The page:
Saturday, January 21st, 2012-Wednesday, April 4th, 2012
Curator: Judith McWillie | Assistant Curator: Lauren Williamson
Our 44th exhibition, Southern, features many never-before-seen works which explore the emotional depth and aesthetic diversity of nine artists – spanning four generations – who are interrelated in their “radical contemporaneity.”
Through photography, video, and sculpture, they present an aesthetically rich installation that questions boundaries between art and religion, aesthetic and documentary practice, and folk and fine art. Each artist was carefully selected by curator Judtih McWillie with the assistance of Lauren Williamson.
Stanley Bermudez (Athens, GA), Drék Davis (Bernice, LA), Hope Hilton (Winterville, GA), Ted Kuhn (Athens, GA), Michael Lachowski (Athens, GA), Judy Rushin (Tallahassee, FL),Sam Seawright (New York, NY) & John Seawright (Athens, GA), Steven Thompson (Brooklyn, NY), James Perry Walker and the family of Washington Harris of the Saint Paul Spiritual Holy Temple (Memphis, TN)
Sam Seawright will exhibit five superbly composed photographs of his brother, John Seawright’s studio. John was a much-beloved Athens’ writer who died unexpectedly from an aneurysm in 2001. John’s poems, as well as his Ghost Fry column, featured for five years in the local weekly Flagpole Magazine, captured the hearts of the Athens community while exposing previously suppressed and unknown histories. Now, ten years later, we are delighted that Sam Seawright, a renowned New York City based painter, has chosen ATHICA to debut these intimate images. (See left column for info in affiliated event, The Universe of John Seawright, which will include readings of the poems.)
James Perry Walker brings us a series of never-before-seen documentary photographs of the interiors and grounds of the St. Paul Spiritual Holy Temple in Memphis, TN. Known locally as an urban legend called ‘voodoo village,’ it is now threatened with decay. The Temple was created by Washington “Doc” Harris, an African Native American from central Mississippi, and his extended family in the tradition of New Orleans spiritual churches from the 1920’s. For over fifty years the Harris family maintained the site and created over 1,500 works of sacred art that Washington Harris called “The Degrees of God.”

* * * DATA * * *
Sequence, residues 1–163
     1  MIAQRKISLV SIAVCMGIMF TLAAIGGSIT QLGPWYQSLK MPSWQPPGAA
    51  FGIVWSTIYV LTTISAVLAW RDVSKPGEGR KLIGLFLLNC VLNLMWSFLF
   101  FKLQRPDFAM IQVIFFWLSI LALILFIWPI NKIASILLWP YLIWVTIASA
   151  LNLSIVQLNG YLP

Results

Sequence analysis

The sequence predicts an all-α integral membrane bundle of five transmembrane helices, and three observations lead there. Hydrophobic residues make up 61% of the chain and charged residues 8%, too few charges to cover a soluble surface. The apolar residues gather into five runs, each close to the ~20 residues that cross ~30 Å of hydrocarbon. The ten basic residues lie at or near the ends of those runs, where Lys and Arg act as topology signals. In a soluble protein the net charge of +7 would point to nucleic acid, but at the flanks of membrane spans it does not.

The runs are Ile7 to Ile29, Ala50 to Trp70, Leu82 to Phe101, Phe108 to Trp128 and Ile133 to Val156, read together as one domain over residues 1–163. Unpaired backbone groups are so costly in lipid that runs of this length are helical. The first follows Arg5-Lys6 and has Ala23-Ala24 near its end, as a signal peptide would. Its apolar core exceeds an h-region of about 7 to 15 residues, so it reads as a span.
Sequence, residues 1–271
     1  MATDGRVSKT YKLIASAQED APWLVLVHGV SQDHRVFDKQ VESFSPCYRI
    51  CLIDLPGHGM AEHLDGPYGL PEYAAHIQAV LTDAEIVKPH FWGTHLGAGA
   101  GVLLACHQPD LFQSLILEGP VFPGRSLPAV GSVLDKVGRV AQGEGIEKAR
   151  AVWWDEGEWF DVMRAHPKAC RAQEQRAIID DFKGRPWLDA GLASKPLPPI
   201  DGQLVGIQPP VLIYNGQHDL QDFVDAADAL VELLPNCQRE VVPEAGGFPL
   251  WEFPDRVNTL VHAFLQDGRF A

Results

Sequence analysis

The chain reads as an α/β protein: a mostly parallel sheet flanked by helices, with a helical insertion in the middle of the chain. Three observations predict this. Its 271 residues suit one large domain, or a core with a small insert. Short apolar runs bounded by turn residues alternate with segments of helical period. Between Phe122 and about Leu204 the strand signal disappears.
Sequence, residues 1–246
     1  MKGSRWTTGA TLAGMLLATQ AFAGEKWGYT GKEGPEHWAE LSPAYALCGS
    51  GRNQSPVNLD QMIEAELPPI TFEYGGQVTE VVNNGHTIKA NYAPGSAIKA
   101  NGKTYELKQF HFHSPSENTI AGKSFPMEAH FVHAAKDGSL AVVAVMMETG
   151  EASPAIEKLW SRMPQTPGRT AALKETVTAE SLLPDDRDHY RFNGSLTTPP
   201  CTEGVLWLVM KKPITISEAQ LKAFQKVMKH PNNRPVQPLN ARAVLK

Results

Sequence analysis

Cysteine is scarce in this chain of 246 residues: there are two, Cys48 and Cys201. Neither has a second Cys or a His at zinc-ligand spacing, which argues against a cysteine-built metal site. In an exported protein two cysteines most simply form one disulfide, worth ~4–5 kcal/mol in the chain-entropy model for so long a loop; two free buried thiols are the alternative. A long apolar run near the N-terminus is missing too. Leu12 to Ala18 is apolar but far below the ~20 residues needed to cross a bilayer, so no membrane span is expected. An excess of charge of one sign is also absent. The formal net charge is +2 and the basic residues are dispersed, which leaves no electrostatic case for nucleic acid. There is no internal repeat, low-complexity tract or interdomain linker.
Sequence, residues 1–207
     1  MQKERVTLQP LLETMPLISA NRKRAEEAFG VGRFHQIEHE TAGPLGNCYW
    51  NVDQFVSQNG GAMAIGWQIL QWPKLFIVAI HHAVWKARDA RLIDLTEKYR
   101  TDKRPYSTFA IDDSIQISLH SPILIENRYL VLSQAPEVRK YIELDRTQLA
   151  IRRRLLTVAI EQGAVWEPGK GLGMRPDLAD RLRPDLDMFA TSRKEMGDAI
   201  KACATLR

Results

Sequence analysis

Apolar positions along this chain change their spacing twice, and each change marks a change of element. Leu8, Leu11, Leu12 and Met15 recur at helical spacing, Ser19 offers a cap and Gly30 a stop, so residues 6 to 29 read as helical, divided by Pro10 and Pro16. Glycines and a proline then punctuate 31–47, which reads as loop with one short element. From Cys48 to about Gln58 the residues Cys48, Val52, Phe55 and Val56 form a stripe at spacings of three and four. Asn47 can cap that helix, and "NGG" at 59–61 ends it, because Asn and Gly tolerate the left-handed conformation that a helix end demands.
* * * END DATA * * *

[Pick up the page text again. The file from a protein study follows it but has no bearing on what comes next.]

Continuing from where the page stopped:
Until this exhibit, no one outside the Harris family, the curator and Walker have been permitted to observe these phenomenal and unique scared objects and environments. Walker’s photographs will be displayed within a room specially constructed for ATHICA by local designer/craftsman Jay Nackashi
The exhibition will also include the debut of new works by the following local artists:
A set of photographs by artist Michael Lachowski have been selected by curator Judith McWillie. Lachowski is also well known as an award-winning graphic designer, publisher ofYoung Foxy and Free Magazine and the Pylon bassist. Lachowski photographs iconic objects and architecture in Georgia towns that are brilliantly “fluoresced” through his extraordinary eye for color and composition.
Ted Kuhn performs Keep Hope Alive, his original multimedia work addressing the relationship between the Hope Scholarship and the Georgia Lottery.
Drék Davis addresses image and identity in popular culture. He is a native Athenian, a conceptual artist and freelance journalist currently living in Bernice LA. He presents floor paintings and wall assemblages that integrate visual histories of Africa and the American South using a ‘cut and paste aesthetic.’ Many remember Davis as an opinion columnist forThe Athens Banner Herald, where he published for many years. He also curated the ATHICA 2005 exhibit Race (enter personal politics).
Hope Hilton is an internationally exhibited conceptual artist; she relocated from New York to Winterville, Georgia in the summer of 2010. She has exhibited and performed at ATHICA three times and we welcome her return. She will be installing a new work made for this exhibit, a reconstruction of Harriet Powers famed Bible Quilt, made of vellum and various paper scraps. Harriett Powers, a former slave from Athens, created two picture quilts in 1886 and 1898, now in the collection of the Smithsonian American Museum and the Boston Museum of Fine Arts.
Stanley Bermudez’s painting Heritage? will also be exhibited. Please see:
Because of its references to lynching and the Ku Klux Klan, the painting was removed from a faculty exhibit at Gainesville College by its president in January 2011. US print media covered the controversy extensively. Artifacts from the media’s response to the censorship scandal will be displayed along with the painting.
Judy Rushin of Tallahassee, FL will be exhibiting several large-scale conceptual objects which explore relationships between people and spatial environments using colors and materials that reflect on the evolution of the minimalist southern aesthetic in subtle ways. Her work has been exhibited across the US and in Korea, including Aqua Art Miami, Art and Literature Laboratory in Cambridge, MA, Prospect 1-Satellite at Trumpet in New Orleans, Mass MoCA, and Soho20 New York. She is the recipient of numerous grants and her work has been featured twice in New American Paintings.
Steven Thompson, a native South Carolinian now living in Brooklyn, NY, will create a site-specific work in the rafters of ATHICA’s main gallery. Thompson has shown extensively, including a recent exhibition at English Kills in Brooklyn, NY. His work has been featured in Miami-Basel, The Armory International Exhibition, and the SCOPE Art Show.
York, NY) & John Seawright (Athens, GA), Steven Thompson (Brooklyn,
NY), James Perry Walker and the family of Washington Harris of the
Saint Paul Spiritual Holy Temple (Memphis, TN)